The story of the alleged Atlanta shooter highlights the two most common ways Americans think about compulsive behaviors – considering them the results of temptation and treating them as diseases.
Gun violence as a whole is much more common, and much more deadly, than mass shootings are.
The media tends to render Asian Americans as either a 'perpetual foreigner' or 'model minority' – both stereotypes that have been levied in tandem against immigrants from Asia since the 1830s.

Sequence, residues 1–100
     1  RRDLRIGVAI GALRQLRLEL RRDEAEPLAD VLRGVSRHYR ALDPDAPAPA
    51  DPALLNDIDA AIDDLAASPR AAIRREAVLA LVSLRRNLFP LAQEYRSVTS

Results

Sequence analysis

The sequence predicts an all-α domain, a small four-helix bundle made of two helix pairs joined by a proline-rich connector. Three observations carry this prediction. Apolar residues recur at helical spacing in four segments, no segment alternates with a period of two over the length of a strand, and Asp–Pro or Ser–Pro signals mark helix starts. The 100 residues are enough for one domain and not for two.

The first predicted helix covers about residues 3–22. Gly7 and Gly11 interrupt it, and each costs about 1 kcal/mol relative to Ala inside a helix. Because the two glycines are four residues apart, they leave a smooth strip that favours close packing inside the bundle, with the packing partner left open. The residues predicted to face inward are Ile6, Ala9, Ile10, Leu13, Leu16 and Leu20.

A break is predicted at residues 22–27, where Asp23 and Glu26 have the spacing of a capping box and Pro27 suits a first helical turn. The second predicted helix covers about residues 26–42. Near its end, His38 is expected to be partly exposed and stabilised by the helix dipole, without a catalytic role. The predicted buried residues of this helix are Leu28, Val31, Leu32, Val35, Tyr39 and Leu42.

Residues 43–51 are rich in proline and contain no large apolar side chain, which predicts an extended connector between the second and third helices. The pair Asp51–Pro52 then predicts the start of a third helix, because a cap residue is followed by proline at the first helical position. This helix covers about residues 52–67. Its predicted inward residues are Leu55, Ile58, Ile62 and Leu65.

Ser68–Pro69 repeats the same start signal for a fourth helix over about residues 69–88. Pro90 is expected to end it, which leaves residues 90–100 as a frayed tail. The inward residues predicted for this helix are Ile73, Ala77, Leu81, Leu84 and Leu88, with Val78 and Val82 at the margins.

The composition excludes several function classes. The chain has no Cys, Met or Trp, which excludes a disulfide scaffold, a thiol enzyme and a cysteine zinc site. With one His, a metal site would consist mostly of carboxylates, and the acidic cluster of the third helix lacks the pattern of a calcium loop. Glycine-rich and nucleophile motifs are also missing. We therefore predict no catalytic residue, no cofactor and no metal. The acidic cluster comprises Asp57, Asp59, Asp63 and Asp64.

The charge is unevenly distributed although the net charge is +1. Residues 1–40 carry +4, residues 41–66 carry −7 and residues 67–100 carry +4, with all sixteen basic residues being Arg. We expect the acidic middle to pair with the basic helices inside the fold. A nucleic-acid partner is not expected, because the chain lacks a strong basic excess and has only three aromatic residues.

After mass shootings, politicians in Washington have failed to pass new gun control legislation, despite public pressure. But laws are being passed at the state level, largely to loosen restrictions.
Bias-motivated attacks became a distinct crime in the 1980s. But police investigate only a fraction of the roughly 200,000 hate crimes reported each year – and even fewer ever make it to court.
In trying to make sense of the recent mass killing in Georgia, it's important to see that it was more than just violence against women and anti-Asian hate.